If you're asking yourself how I could possibly choose just one song from Moz, then prepare yourself to be disappointed. It wasn't all that difficult. Morrissey was one of the most important voices from my youth, and I thoroughly enjoyed his early solo singles as well. Songs like "Suedehead," "Everyday Is Like Sunday," "Interesting Drug" and "Hairdresser on Fire" led me to believe I would continue to enjoy his work for years to come. Didn't happen. I expect to hear from a few of my blogging pals for this one, but I would only recommend one album from Morrissey in the 1990s. 'Vauxhall and I' was better than the rest. Other than a couple of singles, that's it for me the entire decade.
Morrissey was still quite clever with a lyric. "Beware, I bear more grudges than lonely high court judges" pops into mind, and the tale told in "November Spawned a Monster" is so odd and off-putting that I couldn't help but be fascinated. The band, man, it's the band that I never took too. The music of Alain Whyte and Boz Boorer didn't (and doesn't) do it for me. Still, to completely shut out Morrissey wouldn't be right. I was still hopeful and somewhat content in 1990 and 1991. So, that's where I'm going with No. 72. This one is the opener from 'Kill Uncle,' produced by the team of Clive Langer and Alan Winstanley. Not a great album, but I really like this one. I don't think it's remembered all that fondly by most. It was a minor hit, but the first of several successive singles that didn't burn up the charts like the old days.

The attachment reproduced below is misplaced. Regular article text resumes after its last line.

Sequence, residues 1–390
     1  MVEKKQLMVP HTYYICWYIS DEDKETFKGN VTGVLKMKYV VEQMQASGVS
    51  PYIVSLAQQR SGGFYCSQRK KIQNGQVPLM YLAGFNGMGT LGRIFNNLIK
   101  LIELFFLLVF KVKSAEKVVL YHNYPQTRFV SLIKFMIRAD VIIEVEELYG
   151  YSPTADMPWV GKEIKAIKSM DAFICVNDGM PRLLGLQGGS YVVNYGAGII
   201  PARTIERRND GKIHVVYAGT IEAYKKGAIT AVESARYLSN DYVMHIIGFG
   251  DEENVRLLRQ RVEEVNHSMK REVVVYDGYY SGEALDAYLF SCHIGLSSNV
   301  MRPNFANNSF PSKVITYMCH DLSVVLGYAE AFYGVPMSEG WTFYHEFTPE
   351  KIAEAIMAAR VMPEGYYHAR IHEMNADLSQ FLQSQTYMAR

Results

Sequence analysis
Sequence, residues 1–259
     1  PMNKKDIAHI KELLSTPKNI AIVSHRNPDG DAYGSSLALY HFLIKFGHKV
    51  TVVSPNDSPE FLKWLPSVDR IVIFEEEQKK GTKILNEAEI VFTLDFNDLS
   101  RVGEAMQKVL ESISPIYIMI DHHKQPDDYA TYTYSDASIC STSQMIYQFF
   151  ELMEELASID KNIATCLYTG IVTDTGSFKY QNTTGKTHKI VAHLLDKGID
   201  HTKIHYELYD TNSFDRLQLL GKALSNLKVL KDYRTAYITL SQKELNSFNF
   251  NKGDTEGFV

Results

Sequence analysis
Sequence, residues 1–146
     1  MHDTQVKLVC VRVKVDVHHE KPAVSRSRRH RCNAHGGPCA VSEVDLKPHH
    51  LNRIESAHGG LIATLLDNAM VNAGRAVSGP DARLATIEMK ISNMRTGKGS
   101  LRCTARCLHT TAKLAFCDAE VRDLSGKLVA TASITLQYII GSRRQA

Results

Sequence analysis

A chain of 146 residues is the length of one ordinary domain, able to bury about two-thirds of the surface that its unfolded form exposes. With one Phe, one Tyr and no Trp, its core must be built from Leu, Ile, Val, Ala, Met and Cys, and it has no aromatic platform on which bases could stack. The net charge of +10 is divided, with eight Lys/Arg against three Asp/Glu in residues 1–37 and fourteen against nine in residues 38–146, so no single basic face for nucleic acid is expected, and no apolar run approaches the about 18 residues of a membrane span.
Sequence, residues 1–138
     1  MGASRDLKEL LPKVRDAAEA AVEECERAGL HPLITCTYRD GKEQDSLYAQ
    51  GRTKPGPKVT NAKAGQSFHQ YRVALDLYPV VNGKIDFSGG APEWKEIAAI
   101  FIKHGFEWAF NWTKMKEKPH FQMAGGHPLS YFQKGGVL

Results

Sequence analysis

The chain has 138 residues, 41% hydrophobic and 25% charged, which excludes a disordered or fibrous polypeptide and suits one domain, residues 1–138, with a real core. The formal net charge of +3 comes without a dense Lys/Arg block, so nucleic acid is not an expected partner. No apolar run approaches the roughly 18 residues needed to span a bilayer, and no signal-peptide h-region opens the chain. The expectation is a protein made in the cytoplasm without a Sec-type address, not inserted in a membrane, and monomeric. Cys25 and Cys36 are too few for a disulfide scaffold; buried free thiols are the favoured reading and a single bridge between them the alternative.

I hate that this post comes off so negatively. Morrissey is one of many casualties from a decade I don't rate highly, but I still consider Morrissey one of my favorites. I'm going to put on 'Bona Drag' or something from the Smiths to make myself feel better.
US Top 20 This Week in 1975
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